A 2015 study showed medical weed used in some individuals with bipolar disorder promoted a more positive outlook and enhanced their mood.
Additionally, a 2016 study showed individuals with bipolar disorder, when using medical pot, didn’t experience substantial mental impairment compared to those with the condition who didn’t use the herb. Critics of cannabis use for bipolar disorder state it affects an individual’s memory and thinking. This was not found to be true in this study. The study found that after the bipolar patients used cannabis, they also experienced better moods.
Marijuana for catatonia could be a great addition to or an alternative to the treatment plan for Parkinson’s disease as a cause of catatonia.
Some conventional medicines doctors prescribe for a patient with Parkinson’s also come with side effects that aren’t present in cannabis. The herb does have minimal side effects, however, including:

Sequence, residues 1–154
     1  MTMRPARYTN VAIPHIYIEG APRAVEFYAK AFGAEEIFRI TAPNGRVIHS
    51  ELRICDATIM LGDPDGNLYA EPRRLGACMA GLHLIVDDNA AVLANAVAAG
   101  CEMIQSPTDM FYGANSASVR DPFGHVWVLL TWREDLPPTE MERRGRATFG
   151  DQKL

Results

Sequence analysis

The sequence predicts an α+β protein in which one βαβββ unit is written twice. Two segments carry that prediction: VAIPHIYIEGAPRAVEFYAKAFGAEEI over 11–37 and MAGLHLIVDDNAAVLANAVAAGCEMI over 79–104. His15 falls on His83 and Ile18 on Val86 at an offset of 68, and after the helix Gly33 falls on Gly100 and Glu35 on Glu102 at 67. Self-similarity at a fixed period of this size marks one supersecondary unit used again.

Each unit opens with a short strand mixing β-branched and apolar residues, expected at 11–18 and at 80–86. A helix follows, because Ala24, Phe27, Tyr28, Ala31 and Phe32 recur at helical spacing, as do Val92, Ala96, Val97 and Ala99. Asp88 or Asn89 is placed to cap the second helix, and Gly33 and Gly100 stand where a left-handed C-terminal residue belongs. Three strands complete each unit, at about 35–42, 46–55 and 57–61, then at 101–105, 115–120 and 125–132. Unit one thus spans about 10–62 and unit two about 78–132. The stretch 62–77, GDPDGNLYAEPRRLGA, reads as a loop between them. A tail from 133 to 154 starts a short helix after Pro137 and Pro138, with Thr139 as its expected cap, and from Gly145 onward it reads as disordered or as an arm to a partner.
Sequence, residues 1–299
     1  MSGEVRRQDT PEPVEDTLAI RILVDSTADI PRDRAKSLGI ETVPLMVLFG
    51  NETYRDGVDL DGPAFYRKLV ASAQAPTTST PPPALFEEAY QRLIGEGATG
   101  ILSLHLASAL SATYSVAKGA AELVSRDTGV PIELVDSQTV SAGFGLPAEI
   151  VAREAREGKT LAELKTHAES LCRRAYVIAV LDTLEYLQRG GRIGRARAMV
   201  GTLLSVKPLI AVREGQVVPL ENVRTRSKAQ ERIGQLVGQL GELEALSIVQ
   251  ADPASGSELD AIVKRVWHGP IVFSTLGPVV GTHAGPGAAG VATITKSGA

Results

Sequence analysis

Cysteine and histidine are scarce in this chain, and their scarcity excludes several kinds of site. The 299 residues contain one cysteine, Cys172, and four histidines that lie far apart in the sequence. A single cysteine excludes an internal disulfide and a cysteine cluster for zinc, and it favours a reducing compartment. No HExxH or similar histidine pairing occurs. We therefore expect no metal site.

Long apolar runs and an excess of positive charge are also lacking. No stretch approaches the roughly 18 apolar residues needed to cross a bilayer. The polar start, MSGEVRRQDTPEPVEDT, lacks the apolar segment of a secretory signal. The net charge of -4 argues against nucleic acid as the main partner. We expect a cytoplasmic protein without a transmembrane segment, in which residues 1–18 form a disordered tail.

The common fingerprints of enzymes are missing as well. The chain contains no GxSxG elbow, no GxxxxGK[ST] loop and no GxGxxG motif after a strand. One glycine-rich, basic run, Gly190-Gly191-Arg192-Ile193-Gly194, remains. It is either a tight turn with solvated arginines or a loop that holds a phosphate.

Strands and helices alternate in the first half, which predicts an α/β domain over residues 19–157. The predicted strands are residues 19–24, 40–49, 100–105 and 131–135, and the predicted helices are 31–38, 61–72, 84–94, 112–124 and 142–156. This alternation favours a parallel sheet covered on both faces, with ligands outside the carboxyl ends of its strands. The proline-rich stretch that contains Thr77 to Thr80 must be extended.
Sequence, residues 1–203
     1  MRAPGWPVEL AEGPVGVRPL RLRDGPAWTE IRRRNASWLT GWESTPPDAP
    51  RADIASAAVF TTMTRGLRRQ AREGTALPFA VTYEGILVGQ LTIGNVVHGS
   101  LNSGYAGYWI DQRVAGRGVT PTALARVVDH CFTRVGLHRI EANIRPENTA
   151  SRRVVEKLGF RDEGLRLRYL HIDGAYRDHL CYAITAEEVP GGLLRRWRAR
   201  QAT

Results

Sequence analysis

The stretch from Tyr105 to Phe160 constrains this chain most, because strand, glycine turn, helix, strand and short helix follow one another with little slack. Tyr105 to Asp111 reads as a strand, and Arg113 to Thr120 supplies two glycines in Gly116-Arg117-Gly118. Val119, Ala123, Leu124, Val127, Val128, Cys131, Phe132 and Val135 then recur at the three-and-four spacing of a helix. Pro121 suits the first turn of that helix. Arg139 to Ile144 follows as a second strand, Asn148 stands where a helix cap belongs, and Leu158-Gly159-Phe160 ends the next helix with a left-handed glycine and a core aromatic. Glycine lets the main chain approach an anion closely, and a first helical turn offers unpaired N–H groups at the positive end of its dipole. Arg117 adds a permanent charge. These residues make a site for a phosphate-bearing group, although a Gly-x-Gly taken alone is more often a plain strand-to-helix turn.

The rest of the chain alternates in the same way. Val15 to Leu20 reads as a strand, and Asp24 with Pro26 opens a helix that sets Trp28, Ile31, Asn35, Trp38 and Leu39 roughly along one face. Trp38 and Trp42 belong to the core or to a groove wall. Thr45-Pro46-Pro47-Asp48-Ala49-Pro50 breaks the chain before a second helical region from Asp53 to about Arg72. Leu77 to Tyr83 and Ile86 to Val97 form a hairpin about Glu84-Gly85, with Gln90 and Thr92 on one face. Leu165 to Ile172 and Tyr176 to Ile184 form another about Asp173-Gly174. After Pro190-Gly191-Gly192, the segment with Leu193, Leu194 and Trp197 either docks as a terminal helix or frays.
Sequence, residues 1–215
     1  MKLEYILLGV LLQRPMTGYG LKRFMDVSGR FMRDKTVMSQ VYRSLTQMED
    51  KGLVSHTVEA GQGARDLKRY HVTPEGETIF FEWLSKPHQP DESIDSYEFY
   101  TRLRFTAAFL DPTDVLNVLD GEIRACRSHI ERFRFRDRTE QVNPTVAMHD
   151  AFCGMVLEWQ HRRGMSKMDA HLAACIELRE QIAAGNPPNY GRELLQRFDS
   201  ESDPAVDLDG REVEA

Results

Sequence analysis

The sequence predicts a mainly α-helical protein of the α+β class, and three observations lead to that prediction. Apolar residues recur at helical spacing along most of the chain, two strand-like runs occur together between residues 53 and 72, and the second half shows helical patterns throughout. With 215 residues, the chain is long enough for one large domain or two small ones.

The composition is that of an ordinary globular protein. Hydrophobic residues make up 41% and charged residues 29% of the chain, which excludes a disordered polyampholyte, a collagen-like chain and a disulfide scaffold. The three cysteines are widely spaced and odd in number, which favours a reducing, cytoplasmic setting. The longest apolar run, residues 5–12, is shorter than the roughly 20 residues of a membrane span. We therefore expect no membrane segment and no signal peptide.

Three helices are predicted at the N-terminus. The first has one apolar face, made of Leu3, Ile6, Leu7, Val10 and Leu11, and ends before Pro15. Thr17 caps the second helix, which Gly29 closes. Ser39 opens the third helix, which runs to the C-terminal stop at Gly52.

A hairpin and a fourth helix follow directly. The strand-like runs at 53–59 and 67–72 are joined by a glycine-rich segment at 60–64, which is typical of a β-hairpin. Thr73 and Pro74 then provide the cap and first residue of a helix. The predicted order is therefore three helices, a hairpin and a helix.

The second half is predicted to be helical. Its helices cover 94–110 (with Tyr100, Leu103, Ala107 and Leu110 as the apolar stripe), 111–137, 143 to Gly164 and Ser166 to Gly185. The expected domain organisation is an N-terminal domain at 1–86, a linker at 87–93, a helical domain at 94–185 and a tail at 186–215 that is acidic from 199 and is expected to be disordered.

Cannabis for catatonia provides a combination of antioxidant, anti-anxiety and pain relief all in one treatment.
Medical marijuana for catatonia can help treat many of the symptoms of catatonic depression, including:
Symptoms of catatonic schizophrenia that marijuana can treat include:
Here are some effective medical marijuana strains that can help patients with catatonia.
Although individuals with schizophrenia need to stay away from strains with THC, because it would stimulate their already excited mind, strains with CBD work well because CBD is a potent antipsychotic. It also counteracts THC’s effects. So, you’ll want to choose strains high in CBD with little to no THC.